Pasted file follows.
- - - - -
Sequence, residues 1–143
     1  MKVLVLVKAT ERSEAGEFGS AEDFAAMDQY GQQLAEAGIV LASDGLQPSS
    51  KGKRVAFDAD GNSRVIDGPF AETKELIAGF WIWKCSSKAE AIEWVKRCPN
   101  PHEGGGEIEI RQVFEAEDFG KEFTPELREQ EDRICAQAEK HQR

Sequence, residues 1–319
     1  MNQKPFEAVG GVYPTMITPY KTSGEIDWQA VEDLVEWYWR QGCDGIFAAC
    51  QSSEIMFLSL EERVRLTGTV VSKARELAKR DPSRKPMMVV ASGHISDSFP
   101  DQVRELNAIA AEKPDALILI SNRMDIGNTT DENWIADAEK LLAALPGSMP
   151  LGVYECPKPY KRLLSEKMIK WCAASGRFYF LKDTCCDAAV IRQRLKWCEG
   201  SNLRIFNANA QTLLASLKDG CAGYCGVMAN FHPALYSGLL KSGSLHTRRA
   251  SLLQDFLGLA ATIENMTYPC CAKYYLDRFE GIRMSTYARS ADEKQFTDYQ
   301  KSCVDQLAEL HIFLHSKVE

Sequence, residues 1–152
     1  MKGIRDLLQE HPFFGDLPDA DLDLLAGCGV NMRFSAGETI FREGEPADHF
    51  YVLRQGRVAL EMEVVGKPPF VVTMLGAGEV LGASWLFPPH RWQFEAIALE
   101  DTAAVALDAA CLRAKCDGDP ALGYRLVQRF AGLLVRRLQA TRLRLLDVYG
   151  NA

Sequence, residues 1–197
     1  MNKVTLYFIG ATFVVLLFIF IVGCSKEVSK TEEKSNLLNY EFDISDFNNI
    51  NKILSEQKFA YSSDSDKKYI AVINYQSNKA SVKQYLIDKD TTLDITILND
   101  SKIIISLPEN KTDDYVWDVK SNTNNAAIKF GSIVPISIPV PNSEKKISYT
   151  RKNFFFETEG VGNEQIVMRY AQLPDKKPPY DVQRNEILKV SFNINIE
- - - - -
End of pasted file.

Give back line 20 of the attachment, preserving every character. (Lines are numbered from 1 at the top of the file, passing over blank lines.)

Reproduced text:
    51  NKILSEQKFA YSSDSDKKYI AVINYQSNKA SVKQYLIDKD TTLDITILND